The Different Types of Rental Property Inspections & What to Look For

August 1, 2021

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The Different Types of Rental Property Inspections & What to Look For

As a rental property owner or manager, one thing you do to keep your rental consistently profitable is to prevent damage by tenants. However, in trying to keep a rental home damage-free, you must be careful not to micromanage how tenants handle the property. When tenants lease your rental, they acquire the right to quiet enjoyment of the property.

That is why doing a thorough rental property inspection is vital before you hand the home over to a tenant. Rental property inspections gives you and your tenants a formal record of the physical condition of the home before the tenant moves in. They are often done in the presence of the tenant to ensure transparency and secure cooperation.

With a rental property inspection, you and your tenants reach common ground on the state of the home at the beginning of the lease. It can help you avoid disagreements later. That is because the inspection records serve as a reference both owner and renter can use to determine if the home is in a terrible condition or not.

Given the importance of rental property inspections, you should know the different ways to inspect a rental property. This knowledge will help you choose the appropriate assessment across the different phases of your relationship with tenants.

Types of rental property inspections

1.     Move-in inspection

Move-in inspections are appropriate for every new tenant at the start of the lease term. After the tenant signs the lease, the owner or their elected home inspector and the tenant do a “walk-through” of the home, following a detailed checklist. They record the condition of its various features and contents.

Written notes, photos, and videos of the different areas of the home form part of the record. This document becomes an addendum to the lease agreement. The landlord and tenant signs it to show mutual consensus.

The record serves as a dated reference of what the home looked like when the tenant moved in. But to be of any use, a move-in inspection must be highly detailed, professionally done, and record every scuff, dent, or tack hole.

2.     Quarterly inspection

A quarterly inspection is a routine assessment that coincides with seasonal maintenance. At the start of each new season, landlords should do specific maintenance tasks.

These maintenance tasks prepare the home for the challenges of the incoming season and address problems created by the last season. However, it also gives the rental operator a chance to inspect the home and make sure the tenant is abiding by the lease terms.

Given that inspections are intrusive and tenants view them as a violation of their privacy, it makes sense to schedule quarterly assessments to coincide with seasonal maintenance. Tenants already expect seasonal maintenance. Quarterly inspections give you the chance to address issues early by offering tenants helpful advice that saves you problems down the road.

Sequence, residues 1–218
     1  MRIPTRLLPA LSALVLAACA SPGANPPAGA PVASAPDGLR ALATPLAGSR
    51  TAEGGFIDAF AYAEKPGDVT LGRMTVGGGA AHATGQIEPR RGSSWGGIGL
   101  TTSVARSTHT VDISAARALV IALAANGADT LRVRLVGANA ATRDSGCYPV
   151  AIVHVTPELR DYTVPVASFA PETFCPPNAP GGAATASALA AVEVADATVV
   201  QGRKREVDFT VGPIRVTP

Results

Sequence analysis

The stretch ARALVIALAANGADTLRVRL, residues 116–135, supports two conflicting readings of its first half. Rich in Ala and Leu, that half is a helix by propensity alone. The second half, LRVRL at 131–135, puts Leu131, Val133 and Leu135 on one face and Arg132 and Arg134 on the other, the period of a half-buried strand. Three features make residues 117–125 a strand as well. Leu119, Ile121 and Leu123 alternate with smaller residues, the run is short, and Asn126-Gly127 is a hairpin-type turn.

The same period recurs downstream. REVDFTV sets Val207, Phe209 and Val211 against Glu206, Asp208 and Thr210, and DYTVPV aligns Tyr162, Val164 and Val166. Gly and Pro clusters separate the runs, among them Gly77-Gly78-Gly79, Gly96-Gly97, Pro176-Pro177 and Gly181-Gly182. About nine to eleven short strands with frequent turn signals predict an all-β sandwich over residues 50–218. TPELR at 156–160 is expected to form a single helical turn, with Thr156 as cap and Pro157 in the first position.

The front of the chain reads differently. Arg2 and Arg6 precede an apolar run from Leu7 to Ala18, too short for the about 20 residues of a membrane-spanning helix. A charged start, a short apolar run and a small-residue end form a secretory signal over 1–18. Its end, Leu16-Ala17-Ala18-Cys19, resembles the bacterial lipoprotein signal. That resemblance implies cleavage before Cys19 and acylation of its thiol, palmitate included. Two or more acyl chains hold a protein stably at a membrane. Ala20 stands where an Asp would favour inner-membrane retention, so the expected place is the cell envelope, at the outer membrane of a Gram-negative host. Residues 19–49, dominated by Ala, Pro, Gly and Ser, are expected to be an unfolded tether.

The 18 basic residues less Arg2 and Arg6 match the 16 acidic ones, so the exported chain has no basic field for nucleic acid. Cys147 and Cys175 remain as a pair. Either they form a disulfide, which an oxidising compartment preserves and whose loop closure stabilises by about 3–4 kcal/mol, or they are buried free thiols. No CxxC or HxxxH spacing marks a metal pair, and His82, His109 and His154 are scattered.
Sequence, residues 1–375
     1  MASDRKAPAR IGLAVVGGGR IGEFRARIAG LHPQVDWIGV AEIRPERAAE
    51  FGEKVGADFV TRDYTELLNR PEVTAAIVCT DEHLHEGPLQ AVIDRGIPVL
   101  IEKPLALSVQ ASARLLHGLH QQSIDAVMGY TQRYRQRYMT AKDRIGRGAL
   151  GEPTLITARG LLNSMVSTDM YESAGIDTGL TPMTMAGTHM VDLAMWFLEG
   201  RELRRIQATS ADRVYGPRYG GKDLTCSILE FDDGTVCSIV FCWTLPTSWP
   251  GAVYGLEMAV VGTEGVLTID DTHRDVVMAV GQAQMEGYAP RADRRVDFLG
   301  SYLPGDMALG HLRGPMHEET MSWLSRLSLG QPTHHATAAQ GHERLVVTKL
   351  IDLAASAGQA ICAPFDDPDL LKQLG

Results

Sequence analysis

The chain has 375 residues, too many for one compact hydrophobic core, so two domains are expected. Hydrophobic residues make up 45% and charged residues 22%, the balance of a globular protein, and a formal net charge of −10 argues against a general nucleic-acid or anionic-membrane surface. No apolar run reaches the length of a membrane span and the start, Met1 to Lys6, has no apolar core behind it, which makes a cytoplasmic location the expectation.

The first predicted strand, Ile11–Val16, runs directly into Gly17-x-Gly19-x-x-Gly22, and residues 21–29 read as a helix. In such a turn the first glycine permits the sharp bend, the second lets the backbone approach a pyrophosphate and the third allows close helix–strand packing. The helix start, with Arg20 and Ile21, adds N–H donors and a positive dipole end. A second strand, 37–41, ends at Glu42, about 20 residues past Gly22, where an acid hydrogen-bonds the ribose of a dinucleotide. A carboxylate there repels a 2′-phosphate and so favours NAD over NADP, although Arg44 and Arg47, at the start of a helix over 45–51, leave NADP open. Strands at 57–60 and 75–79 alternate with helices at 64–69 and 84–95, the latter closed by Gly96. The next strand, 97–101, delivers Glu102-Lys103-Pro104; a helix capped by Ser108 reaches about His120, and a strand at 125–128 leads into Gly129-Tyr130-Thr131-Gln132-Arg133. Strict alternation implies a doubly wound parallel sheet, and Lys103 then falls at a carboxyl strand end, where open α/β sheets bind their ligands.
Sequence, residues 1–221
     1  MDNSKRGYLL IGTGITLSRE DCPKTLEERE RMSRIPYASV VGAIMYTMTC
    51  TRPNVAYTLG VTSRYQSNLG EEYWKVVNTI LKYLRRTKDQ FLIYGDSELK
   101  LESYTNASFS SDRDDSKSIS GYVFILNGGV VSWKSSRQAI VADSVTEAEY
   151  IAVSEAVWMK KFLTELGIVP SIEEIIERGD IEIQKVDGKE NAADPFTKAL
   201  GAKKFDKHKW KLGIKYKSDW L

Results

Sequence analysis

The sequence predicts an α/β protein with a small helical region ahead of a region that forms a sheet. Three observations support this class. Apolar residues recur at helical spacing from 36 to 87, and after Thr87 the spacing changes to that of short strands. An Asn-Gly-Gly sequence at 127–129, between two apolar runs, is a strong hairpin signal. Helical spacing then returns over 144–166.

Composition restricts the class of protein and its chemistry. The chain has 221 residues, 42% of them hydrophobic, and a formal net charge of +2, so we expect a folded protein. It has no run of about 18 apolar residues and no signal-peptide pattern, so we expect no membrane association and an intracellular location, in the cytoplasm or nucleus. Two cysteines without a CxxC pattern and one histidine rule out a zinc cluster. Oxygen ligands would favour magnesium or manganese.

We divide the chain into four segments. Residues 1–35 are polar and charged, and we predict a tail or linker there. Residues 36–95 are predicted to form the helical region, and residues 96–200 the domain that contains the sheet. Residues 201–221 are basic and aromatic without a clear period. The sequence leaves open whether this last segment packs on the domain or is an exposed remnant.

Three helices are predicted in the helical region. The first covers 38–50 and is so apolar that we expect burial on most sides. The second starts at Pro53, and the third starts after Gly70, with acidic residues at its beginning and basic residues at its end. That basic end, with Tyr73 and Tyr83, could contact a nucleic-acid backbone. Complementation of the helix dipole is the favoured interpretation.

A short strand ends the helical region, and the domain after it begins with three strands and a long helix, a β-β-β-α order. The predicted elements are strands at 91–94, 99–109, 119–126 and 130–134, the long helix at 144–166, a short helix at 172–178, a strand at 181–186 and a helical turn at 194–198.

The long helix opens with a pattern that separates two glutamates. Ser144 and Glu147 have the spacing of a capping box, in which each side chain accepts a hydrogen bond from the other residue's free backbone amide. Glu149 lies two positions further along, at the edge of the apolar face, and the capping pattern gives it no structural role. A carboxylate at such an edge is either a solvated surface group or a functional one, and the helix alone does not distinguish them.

3.     Drive-by inspection

A drive-by inspection is the most cursory type of rental property inspection. You are not obliged to tell a tenant before you do a drive-by assessment, and you can do them often as you want. Each time you drive past the rental, look it over from the outside for anything that seems out-of-place. Doing a drive-by inspection often and at different hours of the day can help you catch the presence of an unauthorized roommate or pets that are not allowed. 

4.     Move-out inspection

The move-out inspection happens at the end of the lease as a follow-up to the move-in inspection. In the ideal situation, a tenant will inform you after removing their belongings. The tenant and landlord (or a professional home inspector) will then inspect the rental, using the records from the move-in inspection as a guide. However, if the tenant fails to do this, you should conduct the assessment immediately after knowing that the apartment is vacant.

The move-out inspection looks at everything the move-in inspection looks at, in reverse. Its goal is to detect damage to the property that is not the result of normal wear and tear.

5.     HUD Inspections

HUD inspections expand the potential pool of tenants you can attract to your home. The Department of Housing and Urban Development (HUD) has a program where it helps people who need assisted housing find homes that are decent and affordable. Since most low-income properties tend to have low standards, this program ensures only homes that meet the basic Housing Quality Standards (HQS) qualify. Other HUD protocols/standards include UPCS and NSPIRE.

When your home undergoes an inspection for compliance with this standard, your rental will have access to a larger pool of tenants. Why is this important? Due to the economic impact of the pandemic, several families now need assisted housing, and the numbers are increasing. Making sure your home meets the HUD’s standards is an opportunity you should not overlook.

Finally, we recommend using an ASHI-qualified home inspector when doing any rental property inspections (except drive-by inspections). ASHI defines the highest standards for a home inspection in the USA.